Fig. 9.20 The infrared spectrum of Titan observed by the SWS instrument on the ISO space observatory (top), and by the IRIS instrument on Voyager 1 (bottom)
After this discovery, Titan appeared as a unique laboratory for prebiotic chemistry, capable of providing us with information about the first stages in the emergence of life, whether on Earth or in other environments. Note, however, that despite the similarities with Earth, the two objects reveal enormous differences. The first is Titan's low temperature (93 K at the surface): its first effect must be to slow down all chemical reactions by a considerable amount. The second is the atmospheric composition: that of Titan is reducing, which resembles the conditions used in Miller and Urey's simulations. Finally, the internal structure of the Earth and Titan are radically different. On Titan, there is permanent degassing of methane and perhaps active cryovolcanism based on H2O and NH3.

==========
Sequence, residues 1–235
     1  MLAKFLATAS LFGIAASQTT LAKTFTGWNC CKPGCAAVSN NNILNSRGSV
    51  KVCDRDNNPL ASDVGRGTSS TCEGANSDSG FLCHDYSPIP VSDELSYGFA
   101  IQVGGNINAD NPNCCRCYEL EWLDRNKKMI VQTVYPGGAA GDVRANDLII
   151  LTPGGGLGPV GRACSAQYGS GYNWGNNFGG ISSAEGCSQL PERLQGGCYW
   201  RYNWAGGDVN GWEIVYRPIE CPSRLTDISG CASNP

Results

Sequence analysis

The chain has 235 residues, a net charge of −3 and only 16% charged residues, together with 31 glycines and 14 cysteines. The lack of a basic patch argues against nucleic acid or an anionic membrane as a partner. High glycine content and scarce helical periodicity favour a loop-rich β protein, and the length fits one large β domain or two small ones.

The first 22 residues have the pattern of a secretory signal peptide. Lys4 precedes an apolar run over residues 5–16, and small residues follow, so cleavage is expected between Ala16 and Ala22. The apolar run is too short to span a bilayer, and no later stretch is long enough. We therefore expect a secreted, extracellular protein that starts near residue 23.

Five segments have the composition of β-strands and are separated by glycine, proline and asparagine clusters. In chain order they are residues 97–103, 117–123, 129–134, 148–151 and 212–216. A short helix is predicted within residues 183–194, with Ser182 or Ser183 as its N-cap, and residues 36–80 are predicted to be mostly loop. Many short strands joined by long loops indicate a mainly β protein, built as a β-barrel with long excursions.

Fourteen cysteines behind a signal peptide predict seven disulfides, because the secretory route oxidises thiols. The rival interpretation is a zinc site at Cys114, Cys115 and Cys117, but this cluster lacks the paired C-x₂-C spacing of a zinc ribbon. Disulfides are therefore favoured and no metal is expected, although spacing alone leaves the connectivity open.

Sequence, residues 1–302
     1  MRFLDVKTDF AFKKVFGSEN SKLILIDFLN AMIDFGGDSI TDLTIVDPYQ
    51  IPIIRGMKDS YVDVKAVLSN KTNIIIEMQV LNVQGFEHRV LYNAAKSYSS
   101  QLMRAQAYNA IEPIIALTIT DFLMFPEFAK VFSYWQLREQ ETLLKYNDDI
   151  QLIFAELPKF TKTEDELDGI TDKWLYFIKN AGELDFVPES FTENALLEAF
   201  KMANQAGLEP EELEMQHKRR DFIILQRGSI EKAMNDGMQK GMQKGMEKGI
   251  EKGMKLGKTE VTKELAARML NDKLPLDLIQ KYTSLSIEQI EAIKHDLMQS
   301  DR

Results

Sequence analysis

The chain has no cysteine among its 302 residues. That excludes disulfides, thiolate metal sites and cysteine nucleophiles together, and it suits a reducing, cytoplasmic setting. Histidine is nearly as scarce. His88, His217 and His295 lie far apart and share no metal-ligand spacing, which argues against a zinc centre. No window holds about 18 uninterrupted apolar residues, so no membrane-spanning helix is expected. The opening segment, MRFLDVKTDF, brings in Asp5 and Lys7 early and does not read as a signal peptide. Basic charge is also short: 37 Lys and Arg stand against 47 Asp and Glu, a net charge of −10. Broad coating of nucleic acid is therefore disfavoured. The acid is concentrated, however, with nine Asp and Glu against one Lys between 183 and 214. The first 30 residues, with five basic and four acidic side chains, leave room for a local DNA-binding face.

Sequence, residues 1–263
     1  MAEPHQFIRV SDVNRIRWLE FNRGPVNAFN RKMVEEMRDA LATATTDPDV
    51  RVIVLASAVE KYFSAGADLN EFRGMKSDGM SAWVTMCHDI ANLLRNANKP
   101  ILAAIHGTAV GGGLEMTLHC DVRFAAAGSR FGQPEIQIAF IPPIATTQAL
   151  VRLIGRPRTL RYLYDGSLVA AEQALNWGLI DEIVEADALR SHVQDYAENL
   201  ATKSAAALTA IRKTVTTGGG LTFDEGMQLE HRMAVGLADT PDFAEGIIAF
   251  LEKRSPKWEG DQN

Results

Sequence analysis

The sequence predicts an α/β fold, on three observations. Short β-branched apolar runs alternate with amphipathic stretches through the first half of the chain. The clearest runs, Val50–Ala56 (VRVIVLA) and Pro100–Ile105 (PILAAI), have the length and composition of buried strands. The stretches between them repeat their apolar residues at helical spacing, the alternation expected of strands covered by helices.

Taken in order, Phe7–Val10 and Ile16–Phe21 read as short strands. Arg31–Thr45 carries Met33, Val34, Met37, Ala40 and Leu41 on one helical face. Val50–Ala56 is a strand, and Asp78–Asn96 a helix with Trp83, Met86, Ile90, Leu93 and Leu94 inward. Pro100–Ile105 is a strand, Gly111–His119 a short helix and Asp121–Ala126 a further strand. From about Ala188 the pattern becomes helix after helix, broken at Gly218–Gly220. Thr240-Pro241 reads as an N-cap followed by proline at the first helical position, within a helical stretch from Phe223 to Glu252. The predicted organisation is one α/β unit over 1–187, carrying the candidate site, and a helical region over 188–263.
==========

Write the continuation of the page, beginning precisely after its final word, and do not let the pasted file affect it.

On 14 January 2005, the Huygens probe successfully landed on the surface of Titan (Fig. 9.21). Its first images revealed a relatively flat surface, scattered with heavily eroded pebbles, which probably consist of water ice, and showing signs of fluvial outwash features, probably created by hydrocarbons (Fig. 9.22). The data from the Cassini orbiter and the Huygens probe are still currently being analyzed, and should give us a better understanding of the nature and origin this exceptional satellite.
Fig. 9.21 The surface of Titan as observed by the DISR descent camera on the Huygens probe, 14 January 2005. The rounded pebbles probably consist of water ice (image credit: courtesy ESA; NASA, JPL University of Arizona)
Fig. 9.22 Panorama of the surface of Titan, observed by the Huygens probe at an altitude of 8 km. Clearly visible are the traces of a dark fluvial network (ESA)
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